Working through a great 10135 Exchange 2010 class this week in Chicago. Have had some great questions! Home bound Mike from VA was super interested in the CAS role and how it works. Mike, I give you the mother load for CAS info!

A good primer can be found here..

Understanding Client Access

Now since the CAS role is responsible for handling all mailbox access requests it’s job just got even more important. It is responsible for more that just OWA kids! It provides Availability service, OAB, Outlook Web App (OWA), Exchange Control Panel (ECP), Exchange Active Sync (EAS) as well as the Exchange Web Services (EWS) for 3rd party app mail integration and more! My CAS role is tired just from looking at this list.

From a Client perspective let’s look at this from the very beginning. How do i connect to my mailbox? Since 2007 exchange we’ve had the benefit of easy soft auto configuration thanks to the Autodiscover service! let’s dive a bit deeper with some great info I located on TechNet and Exchange 2010 library.. Understanding the Autodiscover Service

Overview of the Autodiscover Service

The Autodiscover service makes it easier to configure Outlook 2007 or Outlook 2010 and some mobile phones. You can’t use the Autodiscover service with earlier versions of Outlook, including Outlook 2003. In earlier versions of Microsoft Exchange (Exchange 2003 SP2 or earlier) and Outlook (Outlook 2003 or earlier), you had to configure all user profiles manually to access Exchange. Extra work was required to manage these profiles if changes occurred to the messaging environment. Otherwise, the Outlook clients would stop functioning correctly.

The Autodiscover service uses a user’s e-mail address and password to automatically configure a user’s profile. Using the e-mail address, the Autodiscover service provides the following information to the client:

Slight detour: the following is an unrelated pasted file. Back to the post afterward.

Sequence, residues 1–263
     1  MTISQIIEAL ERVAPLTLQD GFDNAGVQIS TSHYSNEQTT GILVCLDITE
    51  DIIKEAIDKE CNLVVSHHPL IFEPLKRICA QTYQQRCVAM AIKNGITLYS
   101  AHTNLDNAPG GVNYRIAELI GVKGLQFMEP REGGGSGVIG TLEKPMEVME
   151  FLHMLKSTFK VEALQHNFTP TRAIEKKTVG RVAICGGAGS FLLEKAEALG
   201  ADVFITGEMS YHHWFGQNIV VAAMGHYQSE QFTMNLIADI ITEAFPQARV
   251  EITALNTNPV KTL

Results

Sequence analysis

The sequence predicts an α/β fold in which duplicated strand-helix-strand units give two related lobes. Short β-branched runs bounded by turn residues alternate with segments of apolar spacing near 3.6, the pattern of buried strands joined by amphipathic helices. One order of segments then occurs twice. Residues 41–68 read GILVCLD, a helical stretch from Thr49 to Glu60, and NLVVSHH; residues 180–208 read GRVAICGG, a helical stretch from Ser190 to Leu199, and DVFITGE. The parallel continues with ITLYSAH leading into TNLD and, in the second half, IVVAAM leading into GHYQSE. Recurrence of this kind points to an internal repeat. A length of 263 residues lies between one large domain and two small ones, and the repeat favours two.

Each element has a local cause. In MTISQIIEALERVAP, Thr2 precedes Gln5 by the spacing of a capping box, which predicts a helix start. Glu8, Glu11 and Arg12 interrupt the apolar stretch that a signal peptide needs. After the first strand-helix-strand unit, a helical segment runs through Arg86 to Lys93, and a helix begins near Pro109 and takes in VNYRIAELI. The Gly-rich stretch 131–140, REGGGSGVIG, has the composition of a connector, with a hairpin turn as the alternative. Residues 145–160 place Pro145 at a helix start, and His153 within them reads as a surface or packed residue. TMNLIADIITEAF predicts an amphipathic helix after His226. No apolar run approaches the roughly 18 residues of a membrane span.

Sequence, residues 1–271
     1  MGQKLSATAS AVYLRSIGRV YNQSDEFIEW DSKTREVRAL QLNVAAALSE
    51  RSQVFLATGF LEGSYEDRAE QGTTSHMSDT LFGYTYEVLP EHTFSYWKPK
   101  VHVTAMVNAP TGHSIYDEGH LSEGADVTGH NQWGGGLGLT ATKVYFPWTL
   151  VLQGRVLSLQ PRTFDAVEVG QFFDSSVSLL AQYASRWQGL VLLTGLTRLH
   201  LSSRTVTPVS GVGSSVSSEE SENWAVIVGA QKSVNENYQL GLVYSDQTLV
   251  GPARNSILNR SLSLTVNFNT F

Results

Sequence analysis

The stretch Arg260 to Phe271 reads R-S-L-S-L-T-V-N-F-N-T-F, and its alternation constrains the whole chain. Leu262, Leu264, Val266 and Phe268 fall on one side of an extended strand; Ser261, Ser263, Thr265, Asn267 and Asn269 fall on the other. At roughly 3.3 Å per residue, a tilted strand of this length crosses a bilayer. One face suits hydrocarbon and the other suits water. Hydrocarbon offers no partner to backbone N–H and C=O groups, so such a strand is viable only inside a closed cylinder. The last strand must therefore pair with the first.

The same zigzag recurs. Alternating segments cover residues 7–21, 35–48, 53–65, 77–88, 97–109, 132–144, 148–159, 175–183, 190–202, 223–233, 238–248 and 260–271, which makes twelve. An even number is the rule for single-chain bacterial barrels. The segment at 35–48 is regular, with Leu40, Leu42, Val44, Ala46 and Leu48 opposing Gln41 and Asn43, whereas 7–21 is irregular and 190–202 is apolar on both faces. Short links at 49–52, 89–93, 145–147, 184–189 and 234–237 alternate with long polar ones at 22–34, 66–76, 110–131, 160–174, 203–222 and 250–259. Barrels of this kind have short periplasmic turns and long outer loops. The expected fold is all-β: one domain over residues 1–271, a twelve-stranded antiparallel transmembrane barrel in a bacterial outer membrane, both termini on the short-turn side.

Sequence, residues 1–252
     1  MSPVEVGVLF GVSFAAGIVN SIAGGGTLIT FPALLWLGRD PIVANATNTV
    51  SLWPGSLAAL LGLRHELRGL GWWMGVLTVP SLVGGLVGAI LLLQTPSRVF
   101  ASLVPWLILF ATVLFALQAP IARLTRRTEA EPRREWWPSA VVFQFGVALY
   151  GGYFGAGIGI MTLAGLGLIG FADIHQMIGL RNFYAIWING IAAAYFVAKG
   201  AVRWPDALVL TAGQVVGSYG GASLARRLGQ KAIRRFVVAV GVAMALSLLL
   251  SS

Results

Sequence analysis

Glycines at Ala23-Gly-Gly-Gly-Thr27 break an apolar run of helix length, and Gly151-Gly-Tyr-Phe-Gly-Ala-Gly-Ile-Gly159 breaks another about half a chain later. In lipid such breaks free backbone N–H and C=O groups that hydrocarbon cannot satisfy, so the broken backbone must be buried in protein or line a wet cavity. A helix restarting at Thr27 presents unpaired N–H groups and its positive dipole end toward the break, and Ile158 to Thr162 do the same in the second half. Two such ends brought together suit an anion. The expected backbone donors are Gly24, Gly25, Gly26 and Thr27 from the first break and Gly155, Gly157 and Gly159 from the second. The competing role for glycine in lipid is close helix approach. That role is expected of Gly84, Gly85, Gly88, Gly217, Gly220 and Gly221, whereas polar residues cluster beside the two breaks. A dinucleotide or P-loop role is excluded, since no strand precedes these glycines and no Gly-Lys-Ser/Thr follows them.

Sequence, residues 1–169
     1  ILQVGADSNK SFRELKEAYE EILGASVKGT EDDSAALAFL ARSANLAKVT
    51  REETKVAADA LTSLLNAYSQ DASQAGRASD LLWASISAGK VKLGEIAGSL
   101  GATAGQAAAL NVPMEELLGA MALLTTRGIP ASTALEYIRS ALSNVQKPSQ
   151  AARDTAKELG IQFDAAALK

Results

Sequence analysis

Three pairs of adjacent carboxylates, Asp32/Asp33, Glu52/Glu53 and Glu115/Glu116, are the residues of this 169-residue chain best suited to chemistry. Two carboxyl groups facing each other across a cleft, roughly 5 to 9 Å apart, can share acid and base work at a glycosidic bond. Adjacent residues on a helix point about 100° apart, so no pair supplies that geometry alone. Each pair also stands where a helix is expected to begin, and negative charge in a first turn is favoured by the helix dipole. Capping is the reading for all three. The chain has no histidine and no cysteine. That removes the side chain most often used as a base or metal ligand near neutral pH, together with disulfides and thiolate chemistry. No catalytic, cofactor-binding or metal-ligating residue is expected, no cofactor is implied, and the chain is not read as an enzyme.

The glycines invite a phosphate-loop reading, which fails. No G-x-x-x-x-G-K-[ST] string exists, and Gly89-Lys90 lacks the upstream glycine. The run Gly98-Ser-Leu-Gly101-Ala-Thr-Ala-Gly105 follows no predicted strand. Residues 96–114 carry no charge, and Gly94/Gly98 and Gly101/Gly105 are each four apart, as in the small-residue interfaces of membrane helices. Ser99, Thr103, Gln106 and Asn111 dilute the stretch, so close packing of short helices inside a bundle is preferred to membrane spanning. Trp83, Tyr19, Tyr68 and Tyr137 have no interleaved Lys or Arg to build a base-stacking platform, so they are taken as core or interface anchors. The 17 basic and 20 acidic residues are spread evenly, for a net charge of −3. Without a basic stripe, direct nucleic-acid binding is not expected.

• The user’s display name
  • Separate connection settings for internal and external connectivity
  • The location of the user’s Mailbox server
  • The URLs for various Outlook features that govern functionality such as free/busy information, Unified Messaging, and the offline address book
  • Outlook Anywhere server settings

When a user’s Exchange information is changed, Outlook automatically reconfigures the user’s profile using the Autodiscover service. For example, if a user’s mailbox is moved or the client can’t connect to the user’s mailbox or to available Exchange features, Outlook will contact the Autodiscover service and automatically update the user’s profile to include the information that’s required to connect to the mailbox and Exchange features.

Return to top

  How the Autodiscover Service Works

When you install the Client Access server role on a computer running Exchange 2010, a default virtual directory named Autodiscover is created under the default Web site in Internet Information Services (IIS). This virtual directory handles Autodiscover service requests from Outlook 2007 or Outlook 2010 clients and supported mobile phones under the following circumstances:

  • When a new user account is configured or updated
  • When an Outlook client periodically checks for changes to the Exchange Web Services URLs
  • When underlying network connection changes occur in your Exchange messaging environment

Additionally, a new Active Directory object named the service connection point (SCP) is created on the server where you install the Client Access server role.

The SCP object contains the authoritative list of Autodiscover service URLs for the forest. You can use the Set-ClientAccessServer cmdlet to update the SCP object. For more information, see Set-ClientAccessServer.

Bb124251.note(en-us,EXCHG.140).gifImportant:

Before you run the Set-ClientAccessServer cmdlet, make sure the Authenticated Users account on the Client Access server has Read permissions for the SCP object. If users don’t have the correct permissions, they can’t search for and read items.